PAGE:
Nigeria: Britain to help restructure police force

Abuja (Nigeria) – Nigeria has asked its form er colonial master Britain for help in restructuring the police force it bequeathed to its former colony at independence in 1960, according to Interior Minister Godwin Abbe.

Abbe announced in the capital city of Abuja Monday the request was made by President Umaru Yar'Adua when he met British Prime Minister Gordon Brown on the sidelines of the just-concluded Commonwealth Heads of Government Meeting in Kampala, Uganda.

He said following the request, which is aimed at improving the security situation in the country, the President directed him to constitute a committee of retired and senior police officers to work out details of the required assistance. "The extent of involvement will be determined by the committee that will be set up," the Minister said.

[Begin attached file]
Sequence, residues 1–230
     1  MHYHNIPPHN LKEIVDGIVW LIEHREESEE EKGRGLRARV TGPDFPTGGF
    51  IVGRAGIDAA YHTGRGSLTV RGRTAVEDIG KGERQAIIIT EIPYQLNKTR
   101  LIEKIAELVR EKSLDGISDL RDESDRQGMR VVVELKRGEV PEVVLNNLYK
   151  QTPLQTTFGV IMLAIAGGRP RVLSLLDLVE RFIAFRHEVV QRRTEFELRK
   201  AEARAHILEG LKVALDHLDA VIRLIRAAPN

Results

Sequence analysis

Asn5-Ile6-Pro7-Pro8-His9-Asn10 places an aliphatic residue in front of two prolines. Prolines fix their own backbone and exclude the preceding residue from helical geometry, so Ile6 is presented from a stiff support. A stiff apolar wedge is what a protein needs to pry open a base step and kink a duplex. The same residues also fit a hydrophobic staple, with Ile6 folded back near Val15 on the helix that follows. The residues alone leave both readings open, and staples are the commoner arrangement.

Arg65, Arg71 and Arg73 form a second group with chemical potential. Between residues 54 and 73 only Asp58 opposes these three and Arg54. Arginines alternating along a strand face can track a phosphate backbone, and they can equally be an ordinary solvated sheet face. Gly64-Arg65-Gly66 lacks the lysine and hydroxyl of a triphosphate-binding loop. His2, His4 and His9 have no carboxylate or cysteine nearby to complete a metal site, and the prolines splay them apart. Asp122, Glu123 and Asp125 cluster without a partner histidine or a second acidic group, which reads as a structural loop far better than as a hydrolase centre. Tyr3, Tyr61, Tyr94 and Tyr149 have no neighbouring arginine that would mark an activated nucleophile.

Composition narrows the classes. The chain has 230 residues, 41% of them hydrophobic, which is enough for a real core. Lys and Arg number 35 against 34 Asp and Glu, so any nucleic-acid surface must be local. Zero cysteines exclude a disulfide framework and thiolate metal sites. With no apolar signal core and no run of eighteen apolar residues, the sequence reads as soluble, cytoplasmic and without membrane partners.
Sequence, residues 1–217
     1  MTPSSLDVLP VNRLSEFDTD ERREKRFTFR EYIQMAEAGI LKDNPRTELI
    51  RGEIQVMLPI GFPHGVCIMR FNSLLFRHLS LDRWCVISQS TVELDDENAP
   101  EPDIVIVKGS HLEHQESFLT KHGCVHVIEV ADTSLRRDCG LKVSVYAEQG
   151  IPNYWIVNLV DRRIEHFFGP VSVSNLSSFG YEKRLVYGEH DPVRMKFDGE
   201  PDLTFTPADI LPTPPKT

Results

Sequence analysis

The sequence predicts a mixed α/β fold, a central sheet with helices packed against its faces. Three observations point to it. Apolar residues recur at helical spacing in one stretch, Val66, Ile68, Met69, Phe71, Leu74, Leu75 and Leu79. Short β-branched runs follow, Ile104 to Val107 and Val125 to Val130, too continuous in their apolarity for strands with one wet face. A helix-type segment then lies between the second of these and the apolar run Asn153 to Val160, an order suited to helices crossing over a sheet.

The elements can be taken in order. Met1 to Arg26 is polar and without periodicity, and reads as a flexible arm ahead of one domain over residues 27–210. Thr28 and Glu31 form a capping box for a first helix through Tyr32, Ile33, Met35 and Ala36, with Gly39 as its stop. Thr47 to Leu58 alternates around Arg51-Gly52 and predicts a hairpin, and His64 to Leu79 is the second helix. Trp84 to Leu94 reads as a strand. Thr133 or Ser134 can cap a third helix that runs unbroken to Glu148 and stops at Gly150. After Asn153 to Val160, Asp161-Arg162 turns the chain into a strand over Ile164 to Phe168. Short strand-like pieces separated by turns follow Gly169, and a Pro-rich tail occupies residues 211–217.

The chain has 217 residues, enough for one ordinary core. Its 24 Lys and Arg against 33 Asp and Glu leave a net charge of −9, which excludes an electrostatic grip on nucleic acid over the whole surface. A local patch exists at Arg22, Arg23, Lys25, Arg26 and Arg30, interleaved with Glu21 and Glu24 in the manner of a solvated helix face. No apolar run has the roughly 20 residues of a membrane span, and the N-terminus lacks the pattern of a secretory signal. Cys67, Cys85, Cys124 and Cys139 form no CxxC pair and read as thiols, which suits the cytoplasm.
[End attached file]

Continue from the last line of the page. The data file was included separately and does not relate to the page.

The Nigeria Police, with an estimated 350,000-400,000-strong personnel, suffer morale problem due to poor welfare, inadequate training and lack of vital work tools. Consequently, the force has not been able to meet up with the challenges of securing lives and property, and many of its officers regularly get killed by better-armed robbers.

Observers have also blamed widespread corruption in the force's hierarchy for its woes. Armed robberies and other violent crimes have recently been on the increase in Africa's most-populous nation, necessitating the drafting of soldiers to assist the police in curbing the crimes in some parts of the country.


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